Investors saved nearly $6 billion in 2019 due to declining fund fees, according to the Morningstar Fund Fee study.

Last year, investors paid half of what they paid in fees two decades ago, and the good news for investors is fees are continuing to decline, according to Morningstar, a research and analysis firm. Between 1999 and 2019, the asset-weighted average fee fell to 0.45% from 0.87%. Last year, the cheapest 20% of funds saw net inflows of $581 billion, with the remainder suffering outflows of $224 billion. The report includes U.S. open-end mutual funds and ETFs.

"Investors are increasingly aware of the importance of minimizing investment costs, which has led them towards lower-cost funds and share classes. There has also been intensifying competition among asset managers, who have cut fees to appeal to cost-conscious investors," said Ben Johnson, Morningstar's director of ETF and passive strategies research.

"Another factor has been changes in the way financial advice is delivered and paid for. As advisors move away from transaction-driven compensation models and toward fee-based ones, fund share classes that have fewer embedded advice or distribution costs are seeing more flows," Johnson added.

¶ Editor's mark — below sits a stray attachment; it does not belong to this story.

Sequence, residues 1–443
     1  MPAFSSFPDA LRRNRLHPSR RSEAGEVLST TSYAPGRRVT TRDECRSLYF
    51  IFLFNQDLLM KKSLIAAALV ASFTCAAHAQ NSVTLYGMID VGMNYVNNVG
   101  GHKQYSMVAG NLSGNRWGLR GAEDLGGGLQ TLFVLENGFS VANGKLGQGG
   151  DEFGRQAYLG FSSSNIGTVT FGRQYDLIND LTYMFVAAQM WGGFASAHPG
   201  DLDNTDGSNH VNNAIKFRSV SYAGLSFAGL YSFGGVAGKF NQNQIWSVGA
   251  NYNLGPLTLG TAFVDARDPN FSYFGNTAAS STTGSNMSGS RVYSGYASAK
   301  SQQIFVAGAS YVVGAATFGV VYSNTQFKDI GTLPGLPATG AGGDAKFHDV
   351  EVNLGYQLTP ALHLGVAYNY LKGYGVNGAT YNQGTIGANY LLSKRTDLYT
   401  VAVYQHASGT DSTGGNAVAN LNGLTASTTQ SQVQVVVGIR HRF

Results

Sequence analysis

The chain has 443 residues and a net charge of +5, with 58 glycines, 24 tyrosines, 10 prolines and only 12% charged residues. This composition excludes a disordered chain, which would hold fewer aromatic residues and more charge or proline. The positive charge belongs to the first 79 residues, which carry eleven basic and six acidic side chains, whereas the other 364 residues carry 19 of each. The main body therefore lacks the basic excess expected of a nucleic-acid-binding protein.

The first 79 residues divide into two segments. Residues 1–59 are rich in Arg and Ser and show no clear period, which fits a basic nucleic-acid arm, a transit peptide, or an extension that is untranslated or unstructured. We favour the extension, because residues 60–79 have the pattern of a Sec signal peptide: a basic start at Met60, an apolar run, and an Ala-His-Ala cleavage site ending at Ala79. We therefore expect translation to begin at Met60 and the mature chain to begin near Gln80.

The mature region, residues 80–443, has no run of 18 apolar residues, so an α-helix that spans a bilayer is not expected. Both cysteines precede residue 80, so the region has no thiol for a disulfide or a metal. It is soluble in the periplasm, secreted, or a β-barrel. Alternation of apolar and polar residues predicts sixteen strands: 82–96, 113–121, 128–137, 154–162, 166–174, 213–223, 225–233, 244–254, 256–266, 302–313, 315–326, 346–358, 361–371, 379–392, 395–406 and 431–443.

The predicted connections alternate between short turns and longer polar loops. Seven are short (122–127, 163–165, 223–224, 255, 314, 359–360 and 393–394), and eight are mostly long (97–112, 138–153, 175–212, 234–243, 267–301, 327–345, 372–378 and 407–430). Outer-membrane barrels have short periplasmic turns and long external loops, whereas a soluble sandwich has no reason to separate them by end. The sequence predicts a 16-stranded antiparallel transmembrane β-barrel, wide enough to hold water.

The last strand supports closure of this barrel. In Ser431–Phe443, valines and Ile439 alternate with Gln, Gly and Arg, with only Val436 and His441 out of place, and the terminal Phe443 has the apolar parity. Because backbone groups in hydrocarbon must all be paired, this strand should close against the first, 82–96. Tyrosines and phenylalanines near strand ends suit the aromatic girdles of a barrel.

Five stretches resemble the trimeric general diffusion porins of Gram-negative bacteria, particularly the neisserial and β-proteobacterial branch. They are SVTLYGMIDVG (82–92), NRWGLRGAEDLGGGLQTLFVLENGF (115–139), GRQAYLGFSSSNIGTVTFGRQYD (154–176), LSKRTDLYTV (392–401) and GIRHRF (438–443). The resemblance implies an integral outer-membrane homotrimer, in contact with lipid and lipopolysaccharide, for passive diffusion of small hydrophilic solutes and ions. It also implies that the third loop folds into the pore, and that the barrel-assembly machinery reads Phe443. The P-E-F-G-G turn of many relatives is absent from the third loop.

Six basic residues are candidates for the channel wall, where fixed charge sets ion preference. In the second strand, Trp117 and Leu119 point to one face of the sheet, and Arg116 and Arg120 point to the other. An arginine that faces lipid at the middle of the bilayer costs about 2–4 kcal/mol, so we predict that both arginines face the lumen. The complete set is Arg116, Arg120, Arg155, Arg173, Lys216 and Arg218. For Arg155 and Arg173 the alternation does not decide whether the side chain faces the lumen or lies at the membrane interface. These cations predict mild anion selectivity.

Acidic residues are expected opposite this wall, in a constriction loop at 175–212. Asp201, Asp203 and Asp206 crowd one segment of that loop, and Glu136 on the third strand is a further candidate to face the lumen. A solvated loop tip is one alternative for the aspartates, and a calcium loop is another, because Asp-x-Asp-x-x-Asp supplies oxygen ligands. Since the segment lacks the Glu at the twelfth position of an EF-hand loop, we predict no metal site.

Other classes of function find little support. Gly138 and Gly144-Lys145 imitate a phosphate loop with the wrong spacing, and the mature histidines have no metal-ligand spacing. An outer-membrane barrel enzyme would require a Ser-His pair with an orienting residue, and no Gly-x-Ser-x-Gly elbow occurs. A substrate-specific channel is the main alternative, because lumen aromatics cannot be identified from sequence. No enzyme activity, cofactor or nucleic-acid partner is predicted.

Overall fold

Between 2018 and 2019, average fees declined from 48 basis points to 45 basis points, saving investors $5.8 billion, the report said. The average expense ratio for active funds fell to 66 basis points last year from 68 basis points the year before and fees for passive funds fell from 14 basis points to 13 basis points.

“Strrategic-beta funds remain an attractive alternative to higher-cost actively managed funds,” Morningstar said. “In 2019, the asset-weighted average fee for strategic-beta funds was 0.20%, which was slightly higher than traditional index funds' 0.12%, but significantly lower than active funds' 0.66%.”

In recent years, providers of broadbased market-capitalization-weighted index funds have been engaged in what has been dubbed a ‘fee war’, Morningstar said.

“In September 2018, this fee fighting reached what seemed at the time to be its inevitable conclusion when Fidelity launched its lineup of zero-fee index mutual funds. More recently, ETF providers have followed suit,” the report said.